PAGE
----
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Are female quotas on boards inevitable?

The quota chestnut has been cracked open again but the business community is adamant forcing boards to appoint a set number of women as directors is not ideal.

The government said last week it will ensure half of all directors on state sector boards and committees are women by 2021, compared with 46% at the end of 2017.

The statistics are far worse for the private sector. In 2017, 81% of NZX-listed company directors were men and just 19% women.

Minister for Women Julie Anne Genter has suggested if these figures don’t improve, the government might need to think about ways to incentivise them.

“The reason there is no diversity on boards is because we haven’t actively sought to overturn the status quo, which is the result of historic discrimination and bias and unconscious bias. So we just have to make an active effort to find those talented people. And through attrition, it can happen. You can replace people,” she told TVNZ’s Q+A programme on Sunday.

A quota could be one tool to do this, although only if it did not have “perverse consequences,” Ms Genter said.

Quotas have been bandied around before, and generally receive a negative response from business.

BusinessNZ chief executive Kirk Hope says his organisation would not favour compulsion to get a higher representation of women on boards. 

“We’d prefer to see changes made voluntarily – hopefully the benefits of better decision-making resulting from more women on boards will encourage more companies to voluntarily make the change.”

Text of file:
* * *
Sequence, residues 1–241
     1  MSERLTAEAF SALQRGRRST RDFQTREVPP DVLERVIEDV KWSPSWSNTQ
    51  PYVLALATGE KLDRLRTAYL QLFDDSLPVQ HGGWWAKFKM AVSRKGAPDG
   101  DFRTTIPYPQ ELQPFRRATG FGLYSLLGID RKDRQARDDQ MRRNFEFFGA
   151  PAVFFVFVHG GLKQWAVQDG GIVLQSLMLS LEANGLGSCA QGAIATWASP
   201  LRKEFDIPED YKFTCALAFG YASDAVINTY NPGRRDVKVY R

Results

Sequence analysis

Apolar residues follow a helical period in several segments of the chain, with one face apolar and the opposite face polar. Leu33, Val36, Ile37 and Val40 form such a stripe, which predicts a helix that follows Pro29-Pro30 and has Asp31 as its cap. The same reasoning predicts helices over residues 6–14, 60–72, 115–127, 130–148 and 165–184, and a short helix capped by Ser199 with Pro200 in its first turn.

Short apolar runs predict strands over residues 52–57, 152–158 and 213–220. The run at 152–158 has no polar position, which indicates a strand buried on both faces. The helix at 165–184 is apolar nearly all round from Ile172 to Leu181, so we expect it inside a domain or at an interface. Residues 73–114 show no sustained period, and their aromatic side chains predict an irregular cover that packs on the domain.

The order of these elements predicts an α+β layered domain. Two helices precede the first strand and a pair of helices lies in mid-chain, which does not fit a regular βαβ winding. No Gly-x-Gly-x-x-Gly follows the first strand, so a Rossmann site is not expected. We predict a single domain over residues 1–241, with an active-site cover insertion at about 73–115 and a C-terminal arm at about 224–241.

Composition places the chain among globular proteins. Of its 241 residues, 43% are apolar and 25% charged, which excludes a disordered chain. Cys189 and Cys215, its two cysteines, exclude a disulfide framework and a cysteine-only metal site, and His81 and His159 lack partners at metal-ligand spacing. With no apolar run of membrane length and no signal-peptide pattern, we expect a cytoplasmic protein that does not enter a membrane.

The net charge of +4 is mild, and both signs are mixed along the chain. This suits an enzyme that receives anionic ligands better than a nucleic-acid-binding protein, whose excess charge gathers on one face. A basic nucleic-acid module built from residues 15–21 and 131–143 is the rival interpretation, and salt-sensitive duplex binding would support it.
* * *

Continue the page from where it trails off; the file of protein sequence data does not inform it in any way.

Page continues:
Initiatives such as the Future Directors scheme, where young executives sit on a board for 12-18 months, the Institute of Directors’ Mentoring for Diversity programme and the Global Women network have all had some impact. But change on boards is glacial.

Quotas may be inevitable
One of New Zealand’s most experienced directors, Joan Withers, says if the percentage of women on boards doesn’t increase soon, a quota may be the only option.

“The problem for New Zealand is unless we start to get momentum on these statistics, then future governments may well look at quotas as the only way to drive this forward. And that’s not a good thing.

“The risk is, a woman appointed to fill a quota will be deemed by male directors around the table as just there to get the numbers. Whereas all the women I’ve worked with on boards over the years, my god, they are superb directors. They are really top class and add so much value, and their male colleagues regard them as an integral part of the board.”

Mrs Withers says there is no excuse for a company not to have at least one woman on their board.

Earlier this year, Mrs Withers and Global Women directors Vanessa Stoddart and Michele Embling sent out a “gently worded, supportive letter” to 29 companies which had no women on the board, offering assistance with connections.

“Most were positive and grateful for the practical assistance. But there were one or two that took it in a way that was less constructive.